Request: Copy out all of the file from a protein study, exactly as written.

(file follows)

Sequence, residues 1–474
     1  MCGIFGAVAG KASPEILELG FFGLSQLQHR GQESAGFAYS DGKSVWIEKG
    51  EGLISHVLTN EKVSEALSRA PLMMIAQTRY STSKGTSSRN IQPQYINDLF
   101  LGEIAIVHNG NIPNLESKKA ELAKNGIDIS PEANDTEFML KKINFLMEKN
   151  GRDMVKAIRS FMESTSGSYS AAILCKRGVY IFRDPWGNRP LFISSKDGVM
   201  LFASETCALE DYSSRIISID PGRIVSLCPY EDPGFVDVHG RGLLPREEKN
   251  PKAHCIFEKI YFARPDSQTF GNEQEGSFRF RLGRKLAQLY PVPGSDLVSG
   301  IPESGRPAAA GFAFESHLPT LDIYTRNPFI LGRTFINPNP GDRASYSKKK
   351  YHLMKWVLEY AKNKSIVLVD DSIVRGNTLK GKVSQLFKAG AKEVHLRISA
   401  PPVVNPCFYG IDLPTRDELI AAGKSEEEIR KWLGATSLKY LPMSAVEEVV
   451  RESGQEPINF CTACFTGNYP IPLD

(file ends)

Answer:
Sequence, residues 1–474
     1  MCGIFGAVAG KASPEILELG FFGLSQLQHR GQESAGFAYS DGKSVWIEKG
    51  EGLISHVLTN EKVSEALSRA PLMMIAQTRY STSKGTSSRN IQPQYINDLF
   101  LGEIAIVHNG NIPNLESKKA ELAKNGIDIS PEANDTEFML KKINFLMEKN
   151  GRDMVKAIRS FMESTSGSYS AAILCKRGVY IFRDPWGNRP LFISSKDGVM
   201  LFASETCALE DYSSRIISID PGRIVSLCPY EDPGFVDVHG RGLLPREEKN
   251  PKAHCIFEKI YFARPDSQTF GNEQEGSFRF RLGRKLAQLY PVPGSDLVSG
   301  IPESGRPAAA GFAFESHLPT LDIYTRNPFI LGRTFINPNP GDRASYSKKK
   351  YHLMKWVLEY AKNKSIVLVD DSIVRGNTLK GKVSQLFKAG AKEVHLRISA
   401  PPVVNPCFYG IDLPTRDELI AAGKSEEEIR KWLGATSLKY LPMSAVEEVV
   451  RESGQEPINF CTACFTGNYP IPLD